* Seven people killed in Sunday's earthquake
* Area hit by more than 100 aftershocks, some strong
* PM Monti cuts short trip to NATO summit in Chicago
* Some 4,000 homeless, 200 million euros in farm damage
(Adds fresh quotes, agricultural damage)
By Stephen Jewkes
FINALE EMILIA, Italy, May 21 Thousands of people
in northern Italy slept in tents and cars overnight as more than
100 aftershocks rocked the area hit by a magnitude 6.0
earthquake that killed seven people and inflicted heavy damage
to centuries-old cultural sites.
"The fear that your house will collapse on your head is
great, so it was good to be able to sleep in this tent," said
one man who spent the night outdoors, cold but safe, in the town
of San Felice sul Panaro.
Heavy rainfall added to the misery of people who had to
abandon their homes and made conditions more difficult for civil
But most residents said they were content with the relief
effort. "They set up these tents very quickly. I felt safe," an
elderly woman said.
Sunday's earthquake killed four factory workers who were on
the night shift, an elderly woman who was hit by a beam and two
women who died of shock.
It also caused an estimated 200 million euros' damage to
agriculture and left a swathe of destruction across the
Emilia-Romagna region, felling ancient churches and severely
damaging a castle that had withstood wars and invasions for
A 14th century clock tower in Finale Emilia was split
vertically as if hit by a meat cleaver when the quake struck at
4:04 a.m. (0204 GMT), leaving only one half - showing the Roman
numerals from seven to eleven - standing. Twelve hours later, an
aftershock of magnitude 5.1 brought down the rest.
"I had to come here. They haven't said when we can go back
because the aftershocks are continuing," said Michelina
Salvatico, a resident of Finale Emilia who was moved to a sports
centre after her house was damaged.
The quake hit a generally flat area in the Po River valley
that was believed to have been safe from major seismic activity.
The quake, and a bombing that killed a teenage girl in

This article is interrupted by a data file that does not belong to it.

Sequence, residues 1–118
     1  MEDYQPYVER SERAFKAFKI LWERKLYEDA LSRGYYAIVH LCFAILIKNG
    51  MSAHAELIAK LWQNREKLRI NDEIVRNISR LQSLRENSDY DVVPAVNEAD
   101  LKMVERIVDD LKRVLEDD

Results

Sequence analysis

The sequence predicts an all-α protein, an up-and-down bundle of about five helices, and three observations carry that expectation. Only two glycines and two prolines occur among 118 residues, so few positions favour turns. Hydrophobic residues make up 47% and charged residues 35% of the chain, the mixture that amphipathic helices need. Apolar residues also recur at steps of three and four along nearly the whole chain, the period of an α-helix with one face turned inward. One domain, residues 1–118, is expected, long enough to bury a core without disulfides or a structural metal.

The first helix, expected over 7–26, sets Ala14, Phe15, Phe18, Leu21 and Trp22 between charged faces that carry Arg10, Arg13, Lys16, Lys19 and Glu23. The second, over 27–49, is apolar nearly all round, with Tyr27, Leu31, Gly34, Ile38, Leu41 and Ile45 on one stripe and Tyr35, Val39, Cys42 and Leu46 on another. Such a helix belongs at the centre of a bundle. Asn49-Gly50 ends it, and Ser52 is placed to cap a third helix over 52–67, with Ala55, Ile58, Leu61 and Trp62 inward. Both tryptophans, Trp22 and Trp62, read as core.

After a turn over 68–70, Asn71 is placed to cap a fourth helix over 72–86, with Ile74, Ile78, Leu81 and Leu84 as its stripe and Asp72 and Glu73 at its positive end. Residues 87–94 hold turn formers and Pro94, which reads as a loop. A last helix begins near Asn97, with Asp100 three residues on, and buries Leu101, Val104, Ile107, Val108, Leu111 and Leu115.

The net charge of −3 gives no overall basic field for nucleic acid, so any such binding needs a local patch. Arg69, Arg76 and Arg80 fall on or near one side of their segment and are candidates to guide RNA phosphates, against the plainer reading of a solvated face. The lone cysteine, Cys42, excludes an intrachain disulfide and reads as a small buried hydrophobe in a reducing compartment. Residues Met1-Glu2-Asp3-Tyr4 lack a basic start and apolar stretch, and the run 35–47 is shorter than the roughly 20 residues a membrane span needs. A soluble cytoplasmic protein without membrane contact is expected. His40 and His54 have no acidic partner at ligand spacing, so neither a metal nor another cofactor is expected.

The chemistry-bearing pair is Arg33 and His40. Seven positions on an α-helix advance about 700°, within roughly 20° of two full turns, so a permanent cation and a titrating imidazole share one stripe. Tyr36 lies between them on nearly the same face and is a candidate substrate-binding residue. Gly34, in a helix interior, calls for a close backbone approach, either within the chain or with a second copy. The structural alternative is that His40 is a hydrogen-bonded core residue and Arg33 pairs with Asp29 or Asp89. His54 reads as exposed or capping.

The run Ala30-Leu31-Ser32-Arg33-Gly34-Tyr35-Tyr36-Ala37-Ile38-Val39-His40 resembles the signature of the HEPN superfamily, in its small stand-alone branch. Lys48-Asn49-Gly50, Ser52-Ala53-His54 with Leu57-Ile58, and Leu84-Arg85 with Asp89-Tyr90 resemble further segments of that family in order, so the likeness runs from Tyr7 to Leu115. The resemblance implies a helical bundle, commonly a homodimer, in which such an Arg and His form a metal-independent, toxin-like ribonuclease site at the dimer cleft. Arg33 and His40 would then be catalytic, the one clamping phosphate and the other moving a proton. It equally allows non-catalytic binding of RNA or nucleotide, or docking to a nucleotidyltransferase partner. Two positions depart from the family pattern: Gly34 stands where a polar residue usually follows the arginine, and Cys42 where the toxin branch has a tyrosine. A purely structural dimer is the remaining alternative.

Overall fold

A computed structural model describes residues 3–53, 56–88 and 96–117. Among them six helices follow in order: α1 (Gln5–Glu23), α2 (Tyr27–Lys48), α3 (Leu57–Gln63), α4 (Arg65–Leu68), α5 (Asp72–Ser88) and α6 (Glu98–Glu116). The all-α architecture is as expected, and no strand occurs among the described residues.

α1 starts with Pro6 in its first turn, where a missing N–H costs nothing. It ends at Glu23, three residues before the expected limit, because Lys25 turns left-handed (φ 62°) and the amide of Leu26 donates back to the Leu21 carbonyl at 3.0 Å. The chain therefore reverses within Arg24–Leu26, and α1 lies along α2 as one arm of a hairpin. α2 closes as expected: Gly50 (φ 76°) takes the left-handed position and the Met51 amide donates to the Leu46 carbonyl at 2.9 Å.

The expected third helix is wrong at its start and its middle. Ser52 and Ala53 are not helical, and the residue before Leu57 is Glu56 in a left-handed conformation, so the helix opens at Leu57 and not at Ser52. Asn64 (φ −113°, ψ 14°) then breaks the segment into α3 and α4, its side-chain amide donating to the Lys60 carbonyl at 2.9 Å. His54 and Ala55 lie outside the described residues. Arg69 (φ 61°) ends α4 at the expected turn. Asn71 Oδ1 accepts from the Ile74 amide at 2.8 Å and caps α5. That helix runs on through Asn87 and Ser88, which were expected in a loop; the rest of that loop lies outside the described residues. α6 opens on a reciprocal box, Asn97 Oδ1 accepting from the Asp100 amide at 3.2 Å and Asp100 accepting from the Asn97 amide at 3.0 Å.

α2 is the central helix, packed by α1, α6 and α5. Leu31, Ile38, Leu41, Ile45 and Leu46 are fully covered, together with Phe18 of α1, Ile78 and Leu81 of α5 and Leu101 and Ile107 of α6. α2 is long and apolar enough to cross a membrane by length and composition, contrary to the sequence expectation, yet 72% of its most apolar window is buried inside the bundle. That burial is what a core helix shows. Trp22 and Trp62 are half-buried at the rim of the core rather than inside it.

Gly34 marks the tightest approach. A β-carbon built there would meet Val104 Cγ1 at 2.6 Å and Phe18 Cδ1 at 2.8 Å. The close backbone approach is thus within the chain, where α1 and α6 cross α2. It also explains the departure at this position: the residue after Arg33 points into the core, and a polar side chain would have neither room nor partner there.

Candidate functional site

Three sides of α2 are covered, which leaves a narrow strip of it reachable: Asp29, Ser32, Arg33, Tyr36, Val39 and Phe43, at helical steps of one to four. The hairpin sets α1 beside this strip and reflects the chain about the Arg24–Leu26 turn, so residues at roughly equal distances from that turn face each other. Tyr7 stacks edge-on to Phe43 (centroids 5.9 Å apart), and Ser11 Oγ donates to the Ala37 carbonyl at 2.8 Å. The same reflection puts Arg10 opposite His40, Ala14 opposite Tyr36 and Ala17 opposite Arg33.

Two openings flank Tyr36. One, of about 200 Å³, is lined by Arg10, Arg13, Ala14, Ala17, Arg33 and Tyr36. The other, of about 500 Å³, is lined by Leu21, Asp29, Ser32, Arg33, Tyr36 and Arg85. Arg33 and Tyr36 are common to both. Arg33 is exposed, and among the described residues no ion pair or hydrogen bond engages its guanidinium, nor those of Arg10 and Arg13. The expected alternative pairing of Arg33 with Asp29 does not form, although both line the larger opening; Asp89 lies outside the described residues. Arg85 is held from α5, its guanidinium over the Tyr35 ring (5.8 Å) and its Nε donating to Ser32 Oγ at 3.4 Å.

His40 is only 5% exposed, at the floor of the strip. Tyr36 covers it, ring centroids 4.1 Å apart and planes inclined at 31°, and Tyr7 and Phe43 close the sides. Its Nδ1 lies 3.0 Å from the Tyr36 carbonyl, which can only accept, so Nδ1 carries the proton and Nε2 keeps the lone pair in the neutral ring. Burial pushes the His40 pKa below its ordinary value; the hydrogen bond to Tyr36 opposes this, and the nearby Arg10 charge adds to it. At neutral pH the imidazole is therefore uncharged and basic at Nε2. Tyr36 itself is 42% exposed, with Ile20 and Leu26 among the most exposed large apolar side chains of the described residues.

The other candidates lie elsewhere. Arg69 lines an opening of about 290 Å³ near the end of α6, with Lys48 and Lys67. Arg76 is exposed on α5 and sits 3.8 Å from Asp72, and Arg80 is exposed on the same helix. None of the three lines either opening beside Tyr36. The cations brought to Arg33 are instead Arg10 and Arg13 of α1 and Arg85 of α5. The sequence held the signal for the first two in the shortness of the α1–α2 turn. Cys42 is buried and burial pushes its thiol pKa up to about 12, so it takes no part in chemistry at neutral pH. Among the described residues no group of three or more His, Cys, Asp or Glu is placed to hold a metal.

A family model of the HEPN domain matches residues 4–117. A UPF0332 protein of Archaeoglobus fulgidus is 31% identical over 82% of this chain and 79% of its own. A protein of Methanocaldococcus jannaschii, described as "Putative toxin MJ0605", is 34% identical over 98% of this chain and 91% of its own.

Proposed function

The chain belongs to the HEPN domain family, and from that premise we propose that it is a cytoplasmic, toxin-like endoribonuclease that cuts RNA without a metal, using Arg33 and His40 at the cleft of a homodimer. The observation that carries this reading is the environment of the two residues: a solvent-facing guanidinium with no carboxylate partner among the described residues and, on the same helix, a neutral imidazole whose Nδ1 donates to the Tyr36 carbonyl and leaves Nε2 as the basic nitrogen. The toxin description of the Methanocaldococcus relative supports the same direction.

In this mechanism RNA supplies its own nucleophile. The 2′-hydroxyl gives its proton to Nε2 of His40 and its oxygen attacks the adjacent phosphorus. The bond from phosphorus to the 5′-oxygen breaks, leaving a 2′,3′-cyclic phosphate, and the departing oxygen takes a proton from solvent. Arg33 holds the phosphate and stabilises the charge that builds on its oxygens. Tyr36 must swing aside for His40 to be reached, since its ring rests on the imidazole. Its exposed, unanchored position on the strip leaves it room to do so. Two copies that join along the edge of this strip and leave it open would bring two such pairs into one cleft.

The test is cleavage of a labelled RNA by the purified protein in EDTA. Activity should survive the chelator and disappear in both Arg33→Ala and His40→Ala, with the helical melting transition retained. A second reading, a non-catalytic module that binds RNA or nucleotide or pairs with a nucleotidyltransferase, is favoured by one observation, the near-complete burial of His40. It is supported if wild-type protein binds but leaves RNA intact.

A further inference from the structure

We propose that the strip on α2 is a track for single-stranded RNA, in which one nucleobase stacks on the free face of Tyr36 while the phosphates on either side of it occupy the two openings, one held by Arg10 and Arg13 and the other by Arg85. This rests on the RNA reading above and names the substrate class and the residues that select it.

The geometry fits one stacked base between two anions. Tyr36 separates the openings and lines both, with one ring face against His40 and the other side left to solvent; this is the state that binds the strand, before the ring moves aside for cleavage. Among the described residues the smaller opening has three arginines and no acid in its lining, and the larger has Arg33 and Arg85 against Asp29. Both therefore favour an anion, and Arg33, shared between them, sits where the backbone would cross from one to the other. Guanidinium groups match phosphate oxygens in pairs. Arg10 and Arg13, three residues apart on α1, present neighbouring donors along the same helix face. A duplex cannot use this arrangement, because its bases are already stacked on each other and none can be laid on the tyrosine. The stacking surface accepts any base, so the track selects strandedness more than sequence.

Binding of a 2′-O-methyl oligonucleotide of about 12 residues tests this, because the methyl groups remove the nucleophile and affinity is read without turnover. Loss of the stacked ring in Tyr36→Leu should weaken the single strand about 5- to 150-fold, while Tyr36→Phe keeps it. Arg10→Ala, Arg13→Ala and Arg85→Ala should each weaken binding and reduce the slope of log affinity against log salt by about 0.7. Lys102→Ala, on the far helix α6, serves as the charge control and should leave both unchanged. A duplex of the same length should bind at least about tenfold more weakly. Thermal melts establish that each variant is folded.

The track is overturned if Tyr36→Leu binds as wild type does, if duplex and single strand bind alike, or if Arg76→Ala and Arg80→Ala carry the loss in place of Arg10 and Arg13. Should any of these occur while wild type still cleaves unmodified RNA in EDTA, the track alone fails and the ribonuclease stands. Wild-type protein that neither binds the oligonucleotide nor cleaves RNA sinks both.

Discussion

southern Italy on Saturday, prompted Prime Minister Mario Monti
to cut short a trip to the United States.
"This is one of the times that the country should feel
united and close to those who are suffering, and I believe it
is," Monti said in Chicago, announcing his decision to return
early from a NATO summit.
The tremors caused the greatest loss to Italy's artistic
heritage since an earthquake in 1997 ravaged the Basilica of St.
Francis in Assisi, where the ceiling collapsed.
The imposing 14th century Estense Castle, symbol of the town
of San Felice sul Panaro, was severely damaged.
The tops of several of its smaller towers collapsed and
there were fears that the main tower, weakened by cracks, could
tumble. Centuries-old frescoes and other works of art were badly
damaged in three of the town's churches.
PROSCIUTTO AND PARMESAN
"We have practically lost all our artistic patrimony," said
Alberto Silvestri, mayor of San Felice. "Churches and towers
collapsed. The theatre is still standing but has cracks."
The quake left a gaping hole in the side of the Renaissance
town hall in Sant'Agostino, which officials said was in danger
Smaller aftershocks, reaching magnitude 2.5, continued to
rattle the area on Monday.
The damage to agriculture and livestock, in what is one of
Italy's most fertile food producing regions, was estimated to be
at least 200 million euros, the farmers group Coldiretti said.
Stables, barns and animal pens were damaged and some
400,000 large wheels of the area's world-famous Parmigiano
Reggiano and Grana Padano cheeses fell from shelves in
warehouses where they were undergoing seasoning.
The quake could also affect milk and ham production in the
area - famed for Parma ham - because of deaths and injuries
suffered by cows and pigs, Coldiretti said.
(Writing By Philip Pullella; Editing by Robin Pomeroy)